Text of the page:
It Simply Must Be Said: A View of American Public Education from the Trenches of Teaching by Hank Warren


Reviewed by Douglas R. Cobb

It Simply Must Be Said:  A View of American Public Education from the Trenches of Teaching by Hank WarrenWhy do American schools all too often fail to provide students with a quality education, the kind that broadens their minds, makes them think analytically, and be enthusiastic about learning, and which prepares them for the demands of the job market? Whose fault is it that this sad state of affairs has come about–is it that of our teachers, the society we live in, that of the parents of our nation’s students, the media’s, a sense of apathy among today’s youth, or some combination of these potential factors? Also, how do teachers deal with the pressures inherent in their jobs, and still find within themselves the strength to come to work day after day, intent on trying to make a difference for the better in the lives of their students? These are some of the questions raised and topics explored in author Hank Warren’s stimulating and thought-provoking book, It Simply Must Be Said.

There’s definitely more to teaching than teaching. That may sound strange to anyone who has never been a teacher, but I was one, like Hank Warren. The author’s wife is still a high school teacher, also. For instance, in the chapter with the very apt title “Learning to Swim by Drowning,” the author mentions one of the most important factors one needs to succeed as a teacher in an anecdote he relates about a discussion his wife had with a new teacher “who had completed a brief alternative certification program,”– that is, the ability to motivate the students to participate in the learning process. The new teacher complains: “These kids are completely unmotivated! They don’t want to do a thing!”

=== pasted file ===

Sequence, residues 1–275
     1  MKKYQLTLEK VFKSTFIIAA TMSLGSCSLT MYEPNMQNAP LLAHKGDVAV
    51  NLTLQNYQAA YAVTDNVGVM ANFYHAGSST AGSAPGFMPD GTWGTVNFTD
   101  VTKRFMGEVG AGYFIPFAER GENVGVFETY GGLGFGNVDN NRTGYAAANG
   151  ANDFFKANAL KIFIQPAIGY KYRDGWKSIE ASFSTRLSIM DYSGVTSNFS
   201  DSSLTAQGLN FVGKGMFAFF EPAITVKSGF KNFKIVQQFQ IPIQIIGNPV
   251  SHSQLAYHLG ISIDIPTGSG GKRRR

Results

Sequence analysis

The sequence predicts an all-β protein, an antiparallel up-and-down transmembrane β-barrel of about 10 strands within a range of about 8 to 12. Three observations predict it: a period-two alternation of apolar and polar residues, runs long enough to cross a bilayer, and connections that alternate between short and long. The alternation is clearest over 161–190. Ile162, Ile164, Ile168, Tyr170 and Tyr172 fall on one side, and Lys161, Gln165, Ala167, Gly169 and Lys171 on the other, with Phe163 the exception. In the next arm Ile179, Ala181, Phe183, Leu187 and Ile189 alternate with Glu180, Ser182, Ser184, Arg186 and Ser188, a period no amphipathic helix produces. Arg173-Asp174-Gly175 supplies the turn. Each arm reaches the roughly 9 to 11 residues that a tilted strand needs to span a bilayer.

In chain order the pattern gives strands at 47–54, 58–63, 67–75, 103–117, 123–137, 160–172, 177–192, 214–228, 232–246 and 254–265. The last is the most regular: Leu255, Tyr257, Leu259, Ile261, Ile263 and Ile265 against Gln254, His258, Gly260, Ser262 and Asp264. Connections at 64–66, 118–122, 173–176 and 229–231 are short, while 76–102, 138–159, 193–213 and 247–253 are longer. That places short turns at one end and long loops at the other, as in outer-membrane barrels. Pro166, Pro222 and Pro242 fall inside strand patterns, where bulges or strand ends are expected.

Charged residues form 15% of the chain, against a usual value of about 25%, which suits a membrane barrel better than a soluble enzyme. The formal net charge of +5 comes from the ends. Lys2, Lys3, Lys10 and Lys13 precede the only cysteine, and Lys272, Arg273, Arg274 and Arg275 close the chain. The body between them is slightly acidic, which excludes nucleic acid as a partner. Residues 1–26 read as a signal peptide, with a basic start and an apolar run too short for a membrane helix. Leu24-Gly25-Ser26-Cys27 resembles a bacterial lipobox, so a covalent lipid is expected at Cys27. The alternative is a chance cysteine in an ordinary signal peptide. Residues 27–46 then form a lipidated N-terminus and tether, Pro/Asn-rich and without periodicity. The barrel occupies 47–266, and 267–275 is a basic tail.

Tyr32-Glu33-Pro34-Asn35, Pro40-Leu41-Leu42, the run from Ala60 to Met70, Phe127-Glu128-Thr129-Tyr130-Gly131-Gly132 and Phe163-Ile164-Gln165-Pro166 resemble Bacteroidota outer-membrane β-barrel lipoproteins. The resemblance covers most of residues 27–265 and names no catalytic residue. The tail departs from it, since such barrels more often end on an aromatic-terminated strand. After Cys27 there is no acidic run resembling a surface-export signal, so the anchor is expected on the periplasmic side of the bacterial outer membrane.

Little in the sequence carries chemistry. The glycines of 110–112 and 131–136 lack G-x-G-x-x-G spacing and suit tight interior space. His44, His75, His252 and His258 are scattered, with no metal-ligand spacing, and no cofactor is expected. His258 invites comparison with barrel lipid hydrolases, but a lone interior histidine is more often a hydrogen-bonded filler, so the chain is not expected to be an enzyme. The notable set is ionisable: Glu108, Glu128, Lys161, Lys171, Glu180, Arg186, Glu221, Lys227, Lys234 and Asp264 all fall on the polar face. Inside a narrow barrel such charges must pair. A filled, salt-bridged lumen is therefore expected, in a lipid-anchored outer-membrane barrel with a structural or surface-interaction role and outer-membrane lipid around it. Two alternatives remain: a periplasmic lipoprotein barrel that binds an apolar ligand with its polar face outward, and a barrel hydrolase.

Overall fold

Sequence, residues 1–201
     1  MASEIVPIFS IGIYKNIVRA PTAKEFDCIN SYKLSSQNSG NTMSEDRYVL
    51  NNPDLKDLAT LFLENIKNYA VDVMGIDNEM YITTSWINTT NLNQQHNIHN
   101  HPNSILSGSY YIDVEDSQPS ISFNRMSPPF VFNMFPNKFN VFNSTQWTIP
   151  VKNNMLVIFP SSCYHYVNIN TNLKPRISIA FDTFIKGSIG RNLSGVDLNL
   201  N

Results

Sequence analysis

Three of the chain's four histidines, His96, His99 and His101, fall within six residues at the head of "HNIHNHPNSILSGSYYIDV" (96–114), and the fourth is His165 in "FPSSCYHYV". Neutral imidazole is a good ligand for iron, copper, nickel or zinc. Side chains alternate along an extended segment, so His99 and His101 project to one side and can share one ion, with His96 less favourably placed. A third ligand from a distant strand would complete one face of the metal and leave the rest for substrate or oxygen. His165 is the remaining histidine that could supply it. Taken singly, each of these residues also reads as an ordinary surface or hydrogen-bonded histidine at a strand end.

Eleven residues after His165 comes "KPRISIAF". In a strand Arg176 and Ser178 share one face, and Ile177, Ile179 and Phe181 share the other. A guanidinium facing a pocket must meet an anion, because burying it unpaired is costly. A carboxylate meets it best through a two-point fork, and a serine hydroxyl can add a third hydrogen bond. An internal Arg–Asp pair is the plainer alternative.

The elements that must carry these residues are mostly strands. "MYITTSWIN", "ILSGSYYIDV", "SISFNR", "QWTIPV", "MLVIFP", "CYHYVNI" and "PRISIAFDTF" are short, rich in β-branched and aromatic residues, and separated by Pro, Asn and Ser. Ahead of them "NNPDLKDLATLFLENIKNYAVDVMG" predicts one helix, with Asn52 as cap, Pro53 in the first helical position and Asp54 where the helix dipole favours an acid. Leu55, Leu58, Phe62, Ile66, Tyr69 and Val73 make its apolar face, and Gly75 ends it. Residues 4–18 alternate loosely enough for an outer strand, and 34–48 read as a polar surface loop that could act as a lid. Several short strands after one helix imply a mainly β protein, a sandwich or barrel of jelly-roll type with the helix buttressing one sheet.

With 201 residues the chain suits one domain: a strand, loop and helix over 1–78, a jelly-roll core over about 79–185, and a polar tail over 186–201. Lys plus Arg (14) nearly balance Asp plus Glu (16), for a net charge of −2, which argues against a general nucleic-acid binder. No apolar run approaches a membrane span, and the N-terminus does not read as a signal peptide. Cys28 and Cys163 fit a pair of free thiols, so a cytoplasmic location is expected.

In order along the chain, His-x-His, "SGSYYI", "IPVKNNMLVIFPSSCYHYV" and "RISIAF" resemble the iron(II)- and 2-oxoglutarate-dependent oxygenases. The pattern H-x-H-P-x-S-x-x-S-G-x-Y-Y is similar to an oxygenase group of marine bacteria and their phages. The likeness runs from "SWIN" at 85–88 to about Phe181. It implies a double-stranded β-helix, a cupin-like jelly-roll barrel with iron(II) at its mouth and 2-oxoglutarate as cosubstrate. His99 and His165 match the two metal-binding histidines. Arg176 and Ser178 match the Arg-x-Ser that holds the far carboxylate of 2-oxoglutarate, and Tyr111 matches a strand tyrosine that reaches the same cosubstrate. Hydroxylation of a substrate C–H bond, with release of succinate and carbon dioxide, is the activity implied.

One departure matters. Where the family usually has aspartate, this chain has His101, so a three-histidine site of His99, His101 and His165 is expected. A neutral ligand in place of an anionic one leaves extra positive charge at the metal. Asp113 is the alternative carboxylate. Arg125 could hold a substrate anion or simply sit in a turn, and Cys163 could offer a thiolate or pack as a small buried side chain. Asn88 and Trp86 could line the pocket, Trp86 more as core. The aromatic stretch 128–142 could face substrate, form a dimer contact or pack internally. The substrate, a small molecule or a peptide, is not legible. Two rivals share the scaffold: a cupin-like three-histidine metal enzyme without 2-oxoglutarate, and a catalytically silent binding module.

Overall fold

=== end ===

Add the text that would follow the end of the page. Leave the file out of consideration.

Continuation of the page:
What is a teacher to do in a situation like this? Warren’s wife points out “that this is our job as teachers; the daily challenge to get students motivated to want to do something, anything, that will vaguely resemble active participation in the educational process.” What was the fate of the new teacher? The author writes that: “By the middle of the next week, he was gone.”

One of the many other points Hank Warren eloquently makes is that of the general public’s misconception of the difficulty of being a teacher. Actors might be asked what profession they might have landed in if they hadn’t become actors, and some say that of teaching. It would be a tremendous reduction in salary, for certain, and the hours a teacher works aren’t just those hours that school is in session, contrary to the views of people who believe teachers have it easy. There’s the long hours after school spent grading papers, making up quizzes and tests, rereading and reviewing the material you’re going to teach the kids the next day, writing up lesson plans, keeping your grade book current, and sometimes being on the phone talking to parents. There are in-service hours you have to log, refresher teacher training classes like PET (Program for Effective Teaching), seminars, and some principals require or strongly advise teachers to show up at school events, like football and basketball games.